Would I like it to be easier? Hell yes. Am I sorry I'm divorced? Of course. If only for the loss of constant companionship, true love, and the regular male presence in my children's lives. (Big "if only.") But do I feel successful? Absolutely. Ask my kids: they'll tell you they're happy, reasonably well-adjusted, and having fun every darned day. And so am I.

Posted by: Jane Doe | April 7, 2006 9:49 AM

I have been a single parent for more than a decade. My three children are productive, studious, people with a strong sense of community service and very much feel a part of their school, church, neighborhood. The fact that there is not a father in the picture is a sad ommision in our lives but it certainly is not the defining factor. The only difficult piece is sometimes being excluded from social events becasue I am not part of a couple.

Posted by: giver of life | April 7, 2006 9:50 AM

I'm a single parent. I believe there are two subsets of single parents - those who may have the bulk of the child-rearing responsibilities but do have the part-time help from another parent, and those for whom there is no other parent involved. I'm one of the 2nd subset. There were no "every-other-weekend" windows of time for myself. There was no financial help. There was the guilt of not having a father for my son. There was the guilt of knowing I wasn't giving 100% to either my career OR my son, and shortchanging both. I think anyone who makes the decision to be a single parent purposefully is being naive and selfish.

I also feel having a child, knowing you want to also focus as strongly on your career, is selfish (whatever gender you happen to be). Children should only be granted to people who know what a special gift they have, and are willing to make that gift the number one priority in their lives. I only wish that could be the case.

All that said, I am not condemning unconditionally the choices people make. I'd rather not throw stones. If you choose to be selfish, admit it, and do the best you can with the situation you have. It isn't easy.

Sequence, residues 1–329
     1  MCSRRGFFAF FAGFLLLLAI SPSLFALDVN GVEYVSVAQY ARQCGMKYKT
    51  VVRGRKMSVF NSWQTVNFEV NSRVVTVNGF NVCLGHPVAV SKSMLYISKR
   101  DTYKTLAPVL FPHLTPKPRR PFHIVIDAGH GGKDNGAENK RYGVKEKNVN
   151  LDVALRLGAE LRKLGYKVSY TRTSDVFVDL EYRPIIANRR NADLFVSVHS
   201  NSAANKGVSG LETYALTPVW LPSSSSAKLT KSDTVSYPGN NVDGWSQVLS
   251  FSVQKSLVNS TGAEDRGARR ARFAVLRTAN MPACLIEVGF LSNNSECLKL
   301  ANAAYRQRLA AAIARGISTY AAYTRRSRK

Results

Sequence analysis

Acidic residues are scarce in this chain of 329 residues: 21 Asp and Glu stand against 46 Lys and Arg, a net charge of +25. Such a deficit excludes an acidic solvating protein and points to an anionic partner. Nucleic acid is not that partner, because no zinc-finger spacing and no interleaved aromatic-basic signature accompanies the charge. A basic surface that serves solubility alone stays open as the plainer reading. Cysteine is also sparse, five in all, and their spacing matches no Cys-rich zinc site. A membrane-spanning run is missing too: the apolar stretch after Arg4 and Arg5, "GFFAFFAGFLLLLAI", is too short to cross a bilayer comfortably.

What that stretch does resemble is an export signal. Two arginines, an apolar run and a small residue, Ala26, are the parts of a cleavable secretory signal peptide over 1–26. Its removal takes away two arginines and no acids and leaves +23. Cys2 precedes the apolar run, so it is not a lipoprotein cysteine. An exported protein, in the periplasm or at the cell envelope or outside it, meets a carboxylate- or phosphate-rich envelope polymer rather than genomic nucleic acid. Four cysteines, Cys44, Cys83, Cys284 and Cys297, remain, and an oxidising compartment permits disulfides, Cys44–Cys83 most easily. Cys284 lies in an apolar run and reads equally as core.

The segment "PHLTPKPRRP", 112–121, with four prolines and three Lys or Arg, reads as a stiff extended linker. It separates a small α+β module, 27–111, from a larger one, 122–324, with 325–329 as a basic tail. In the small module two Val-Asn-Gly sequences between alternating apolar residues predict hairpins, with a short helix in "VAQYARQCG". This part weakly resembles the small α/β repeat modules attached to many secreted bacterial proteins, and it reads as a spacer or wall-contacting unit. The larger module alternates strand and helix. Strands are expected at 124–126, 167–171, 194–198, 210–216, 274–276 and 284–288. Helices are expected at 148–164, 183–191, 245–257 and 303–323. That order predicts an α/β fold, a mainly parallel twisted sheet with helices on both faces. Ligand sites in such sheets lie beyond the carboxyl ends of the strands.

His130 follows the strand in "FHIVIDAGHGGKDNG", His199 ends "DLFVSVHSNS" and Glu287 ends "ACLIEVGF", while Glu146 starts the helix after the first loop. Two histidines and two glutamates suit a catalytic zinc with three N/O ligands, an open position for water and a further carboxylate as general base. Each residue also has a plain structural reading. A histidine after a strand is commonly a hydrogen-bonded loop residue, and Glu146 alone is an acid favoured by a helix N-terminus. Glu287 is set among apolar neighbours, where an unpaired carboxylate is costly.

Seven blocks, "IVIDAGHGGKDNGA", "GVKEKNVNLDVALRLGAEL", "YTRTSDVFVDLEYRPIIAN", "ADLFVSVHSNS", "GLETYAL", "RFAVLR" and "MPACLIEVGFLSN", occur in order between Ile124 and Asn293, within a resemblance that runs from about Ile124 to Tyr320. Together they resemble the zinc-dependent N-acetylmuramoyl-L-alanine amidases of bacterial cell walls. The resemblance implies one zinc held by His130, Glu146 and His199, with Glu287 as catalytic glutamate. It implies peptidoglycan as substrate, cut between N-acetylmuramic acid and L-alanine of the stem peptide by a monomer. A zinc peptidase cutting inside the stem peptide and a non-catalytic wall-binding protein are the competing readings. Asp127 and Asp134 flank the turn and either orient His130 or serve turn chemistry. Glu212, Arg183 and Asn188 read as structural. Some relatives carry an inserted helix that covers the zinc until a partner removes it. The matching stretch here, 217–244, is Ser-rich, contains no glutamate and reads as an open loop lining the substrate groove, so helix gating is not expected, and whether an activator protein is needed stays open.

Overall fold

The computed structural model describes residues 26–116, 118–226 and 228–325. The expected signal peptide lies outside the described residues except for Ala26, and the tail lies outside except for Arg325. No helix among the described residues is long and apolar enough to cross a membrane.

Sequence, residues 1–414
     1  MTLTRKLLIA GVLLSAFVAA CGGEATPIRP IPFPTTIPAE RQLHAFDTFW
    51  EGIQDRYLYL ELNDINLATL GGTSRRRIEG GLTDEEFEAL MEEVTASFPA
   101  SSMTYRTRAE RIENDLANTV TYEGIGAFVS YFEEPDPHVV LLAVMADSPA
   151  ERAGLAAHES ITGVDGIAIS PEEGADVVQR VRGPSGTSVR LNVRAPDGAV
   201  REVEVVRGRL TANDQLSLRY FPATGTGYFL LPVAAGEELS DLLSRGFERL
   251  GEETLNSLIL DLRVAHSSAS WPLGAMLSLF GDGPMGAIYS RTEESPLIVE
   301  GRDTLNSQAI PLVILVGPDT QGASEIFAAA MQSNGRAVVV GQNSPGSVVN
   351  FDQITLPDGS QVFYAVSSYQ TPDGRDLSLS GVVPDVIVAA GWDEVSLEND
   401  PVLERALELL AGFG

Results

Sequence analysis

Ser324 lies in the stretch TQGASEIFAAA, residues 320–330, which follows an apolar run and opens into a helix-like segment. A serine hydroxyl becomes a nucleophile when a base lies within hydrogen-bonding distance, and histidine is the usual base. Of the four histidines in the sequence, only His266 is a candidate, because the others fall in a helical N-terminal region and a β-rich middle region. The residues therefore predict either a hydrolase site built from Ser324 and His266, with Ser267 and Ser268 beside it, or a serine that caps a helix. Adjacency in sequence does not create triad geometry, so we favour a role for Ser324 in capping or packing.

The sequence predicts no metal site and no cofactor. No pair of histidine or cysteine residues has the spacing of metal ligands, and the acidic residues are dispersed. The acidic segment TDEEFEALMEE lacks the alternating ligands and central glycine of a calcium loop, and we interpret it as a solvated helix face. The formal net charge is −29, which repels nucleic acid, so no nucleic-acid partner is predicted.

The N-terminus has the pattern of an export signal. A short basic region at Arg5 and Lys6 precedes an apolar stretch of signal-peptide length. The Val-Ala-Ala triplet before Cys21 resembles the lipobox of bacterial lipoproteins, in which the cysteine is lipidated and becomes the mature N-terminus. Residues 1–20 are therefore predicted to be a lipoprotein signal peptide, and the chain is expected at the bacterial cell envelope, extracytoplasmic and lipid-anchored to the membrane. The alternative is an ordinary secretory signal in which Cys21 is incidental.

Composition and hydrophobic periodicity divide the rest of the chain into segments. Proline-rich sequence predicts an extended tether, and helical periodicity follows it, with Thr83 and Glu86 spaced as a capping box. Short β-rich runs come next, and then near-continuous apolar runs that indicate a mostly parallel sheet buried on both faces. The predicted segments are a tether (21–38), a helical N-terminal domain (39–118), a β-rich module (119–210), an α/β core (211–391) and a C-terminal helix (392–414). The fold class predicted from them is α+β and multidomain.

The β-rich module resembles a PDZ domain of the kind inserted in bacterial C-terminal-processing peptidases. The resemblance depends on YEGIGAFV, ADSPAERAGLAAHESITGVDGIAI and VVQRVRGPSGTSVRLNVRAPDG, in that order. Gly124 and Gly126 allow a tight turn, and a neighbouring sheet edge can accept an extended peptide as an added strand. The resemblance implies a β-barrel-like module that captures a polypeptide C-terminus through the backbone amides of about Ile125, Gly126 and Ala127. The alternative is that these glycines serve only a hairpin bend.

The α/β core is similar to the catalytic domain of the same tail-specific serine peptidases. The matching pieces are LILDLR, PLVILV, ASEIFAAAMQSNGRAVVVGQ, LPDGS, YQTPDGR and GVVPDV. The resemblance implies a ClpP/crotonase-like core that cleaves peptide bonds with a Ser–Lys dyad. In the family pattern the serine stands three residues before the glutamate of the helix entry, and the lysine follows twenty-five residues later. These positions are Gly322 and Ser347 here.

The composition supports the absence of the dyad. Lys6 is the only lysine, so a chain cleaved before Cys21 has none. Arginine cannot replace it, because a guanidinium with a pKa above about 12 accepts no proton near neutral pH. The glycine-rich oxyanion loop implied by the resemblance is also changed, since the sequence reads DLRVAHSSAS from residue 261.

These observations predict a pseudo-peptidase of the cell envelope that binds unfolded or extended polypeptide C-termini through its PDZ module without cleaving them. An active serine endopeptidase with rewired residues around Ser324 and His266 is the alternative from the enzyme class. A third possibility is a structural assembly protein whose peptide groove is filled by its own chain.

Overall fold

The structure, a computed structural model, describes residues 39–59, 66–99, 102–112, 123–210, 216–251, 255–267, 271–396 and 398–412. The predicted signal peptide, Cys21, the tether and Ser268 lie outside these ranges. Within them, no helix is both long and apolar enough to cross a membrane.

Posted by: Alli | April 7, 2006 9:52 AM

Jane Doe: well said - and well done.

Posted by: DLM | April 7, 2006 10:03 AM

'I also feel having a child, knowing you want to also focus as strongly on your career, is selfish (whatever gender you happen to be). Children should only be granted to people who know what a special gift they have, and are willing to make that gift the number one priority in their lives.' - is this true for married/partnered people too? if not, i'm afraid you're being narrow minded and judgmental. a lot of couples bring children into the world for 'naive and selfish' reasons.

Posted by: Anonymous | April 7, 2006 10:05 AM

I'm a single parent of a 7yr old and a 3yr old since December. I do get some days off when their dad takes them, but no financial support. Between work, college, kid's homework, baths, etc. there isn't a whole lot of time to think.

If we are comparing the standard 2 parent family vs. the single parent family I can definitely see some differences.

1) Post-divorce I have more and better time with my children to focus on them.

2) Since I make all the rules now, I can enforce bed times, behavior, etc. without having my partner turn wishy washy or feeling like the one "bad guy" parent because I know it's up to me and me alone to do it.

3) Money. Going from two incomes to one is difficult. This is particularly true when their father still has plenty of money to take them on shopping trips, but sees no reason to take them to the library & park (OUR main source of entertainment since it's FREE)

4) Other women. Some people who saw you as wife/mother peer often see you as a threat for some reason. You don't have your husband anymore so maybe you want theirs? I don't understand that one very well.

Anyway, that's my 2 cents. As for the "Mommy War" issue, it definitely exists. Try being the only female in an extended family who doesn't have her degree yet AND the only one who has a job. Yes, it would be wonderful for us all to sing Kumbaya and not think of such things. I'll manage that as soon as I quit hearing the "omg I am so busy! My maid is sick and the nanny is late! I will NEVER get to my tanning appointment!" I don't say a word but I know darn well the "war" exists. It's flat out naive to think otherwise.

Posted by: Meg TX | April 7, 2006 10:26 AM

Jane Doe: I am SHOCKED to read that you think you're somehow responsible for your kids student loans. It's THEIR education, therefore the loans should be THEIR responsibility. Parenting doesn't continue indefinitely. There is no reason why you should have to be paying for them for the rest of your life. I don't know ANYONE who's parents are paying off their student loans.

And don't bad-mouth your ex. It's not good for the children, and it makes you look bad.

Posted by: LKB | April 7, 2006 10:29 AM

Having children is inherently selfish. But that doesn't make it a "bad" thing.